The chowk that won't be named
Bhagat Singh died long before India or Pakistan became independent. In fact, he was hanged in Lahore exactly nine years before the Pakistan Resolution was passed by the Muslim League in the same city in 1940. Bhagat Singh was born a Sikh and died an avowed atheist. While in prison, he wrote a pamphlet titled Why I am an Atheist.
Why recount these facts about Bhagat Singh now? Because of the controversy surrounding the renaming of a busy Lahore traffic roundabout, Fawara Chowk or Shadman Chowk in his honour. Fawara Chowk stands on the spot that marks the Lahore Central Jail’s execution ground. Bhagat Singh, along with Rajguru and Sukhdev, was hanged here by the British in 1931. The jail was demolished in 1961.
A special committee of Lahore city government last month decided to rename Fawara Chowk after Bhagat Singh. It was then put on hold after objections from “certain sections of society”. The “certain sections of society” were nothing but Hafiz Saeed led Jamaat-ud-Dawa, which is a front for the terror group Lashkar-e-Taiba, banned by the UN for the 2008 Mumbai terror attacks. JuD argues that since Pakistan is a Muslim country, its major roads and squares should be named after Muslims, and not Hindus or Sikhs. This renaming, it alleges, is an attempt to appease pro-India elements in Pakistan and an insult to the ideology of Pakistan. Its threats to protest against the decision, coupled with the majority view in an official public hearing, led the authorities to put the renaming on hold.
When Lahore’s DCO finally went ahead with the renaming of the roundabout last week, his decision was challenged in the Lahore High Court as being “against the principles of Pakistan’s freedom movement”. Last Friday, Lahore High Court restrained the city government from notifying this recommendation. The renaming, now put on hold, is likely to be shelved forever. The tiny fringe of Pakistani liberals is fighting a losing battle in a rapidly radicalising Pakistan. History in Pakistan is a very tricky concoction of religion, nationalism and culture. Believe it or not, Pakistani books contend that its history begins with the invasion of the subcontinent by Muhammad bin Qasim in 712 AD. In the 1970s, Prime Minister ZA Bhutto established in Karachi what is now Pakistan’s second busiest port, and named it as Port Muhammad Bin Qasim. As columnist Salman Rashid recently lamented, Pakistanis refuse to accept King Porus as their ancestor because he was a Hindu king. This is when Islam was nearly a millennium in the future of Porus’ battle with Alexander. So what? The quick counter is that Alexander the Great is actually Zulqarnain mentioned in the Holy Quran.
But it is not only about Muslims versus non-Muslims in Pakistan. It is also about Ahmedi versus Muslim, Shia versus Sunni, Barelvi versus Wahabi, secular Sunni versus rabid Barelvi, and so on. Lest we forget, Pakistan’s statehood was about self-identification as Muslims in lieu of persecution under Hindu India. Ayub Khan put it thus in his autobiography: “India particularly has a deep pathological hatred for Muslims and her hostility to Pakistan stems from a refusal to see a Muslim power developing next door.”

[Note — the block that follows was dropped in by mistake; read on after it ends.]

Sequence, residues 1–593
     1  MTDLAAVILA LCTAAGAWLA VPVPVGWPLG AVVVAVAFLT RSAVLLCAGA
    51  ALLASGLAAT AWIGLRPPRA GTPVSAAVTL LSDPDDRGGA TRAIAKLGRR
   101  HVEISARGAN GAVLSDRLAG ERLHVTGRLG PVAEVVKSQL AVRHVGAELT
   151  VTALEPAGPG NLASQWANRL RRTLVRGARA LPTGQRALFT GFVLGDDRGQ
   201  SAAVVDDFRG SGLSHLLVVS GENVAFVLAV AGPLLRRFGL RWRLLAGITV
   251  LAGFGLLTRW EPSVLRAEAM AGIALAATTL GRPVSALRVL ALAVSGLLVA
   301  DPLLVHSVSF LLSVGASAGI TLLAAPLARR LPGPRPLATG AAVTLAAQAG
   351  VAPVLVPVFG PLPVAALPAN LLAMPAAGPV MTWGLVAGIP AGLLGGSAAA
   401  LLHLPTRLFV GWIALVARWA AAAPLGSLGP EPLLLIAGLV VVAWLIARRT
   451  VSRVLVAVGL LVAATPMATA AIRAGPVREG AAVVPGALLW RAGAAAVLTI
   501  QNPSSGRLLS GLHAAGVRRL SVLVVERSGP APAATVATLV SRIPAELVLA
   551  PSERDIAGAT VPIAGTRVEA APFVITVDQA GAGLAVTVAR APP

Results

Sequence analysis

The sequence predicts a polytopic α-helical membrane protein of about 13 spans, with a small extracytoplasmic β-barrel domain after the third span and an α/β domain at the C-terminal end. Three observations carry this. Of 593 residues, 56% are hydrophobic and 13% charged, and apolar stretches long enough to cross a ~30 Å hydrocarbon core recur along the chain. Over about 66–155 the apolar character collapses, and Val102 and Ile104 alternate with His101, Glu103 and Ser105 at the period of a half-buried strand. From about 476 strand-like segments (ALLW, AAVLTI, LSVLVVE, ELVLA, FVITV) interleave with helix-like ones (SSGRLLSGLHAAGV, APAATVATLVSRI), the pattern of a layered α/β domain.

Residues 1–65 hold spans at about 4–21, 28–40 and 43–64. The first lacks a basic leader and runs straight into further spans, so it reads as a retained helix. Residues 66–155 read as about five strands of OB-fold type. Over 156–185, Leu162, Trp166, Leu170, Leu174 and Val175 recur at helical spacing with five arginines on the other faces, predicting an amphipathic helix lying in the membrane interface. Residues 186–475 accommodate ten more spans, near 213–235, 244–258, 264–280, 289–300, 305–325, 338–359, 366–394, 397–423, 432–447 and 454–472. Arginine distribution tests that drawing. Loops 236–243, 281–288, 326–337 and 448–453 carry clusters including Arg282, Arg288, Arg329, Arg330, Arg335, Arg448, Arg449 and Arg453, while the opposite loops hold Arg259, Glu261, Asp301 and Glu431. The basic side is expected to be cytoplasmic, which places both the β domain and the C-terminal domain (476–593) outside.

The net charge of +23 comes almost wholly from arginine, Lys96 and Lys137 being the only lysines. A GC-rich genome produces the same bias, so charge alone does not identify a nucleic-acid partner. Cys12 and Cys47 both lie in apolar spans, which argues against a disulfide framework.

Many Indian commentators pronounce that India and Pakistan are similar. When they see no difference between some Indians and Pakistanis, they mistakenly presume India and Pakistan to be the same. But as MJ Akbar says, “India and Pakistan are not separated by a mere boundary. They are defined by radically opposed ideas. India believes in a secular state where all faiths are equal; Pakistan in the notion that a state can be founded on the basis of religion.”
In fact, Indians and Pakistanis are also not similar. A Bengali has more in common with a Bangladeshi, a Naga with his fellow tribesmen in Myanmar, an Arunachal Buddhist with Tibetans or a Tamil with Sri Lankans than with a Pakistani. For that matter, there is little common between an Indian Punjabi and a Pashtun from Khyber-Pakhtunwa in Pakistan. It is not about denying our common heritage but about acknowledging our present realities.The two states, the two societies — India and Pakistan — chose to traverse two different paths in 1947 and they are on opposing trajectories today. Therein lies the significance of this incident of renaming a Lahore roundabout after Bhagat Singh. It reminds us once again of the reality of Pakistan that confronts us today.
NB — Can anyone explain why Delhi has a major road still named after Aurangzeb?
Sushant K Singh is Fellow for National Security at the Takshashila Institution and editor of Pragati-The Indian National Interest Review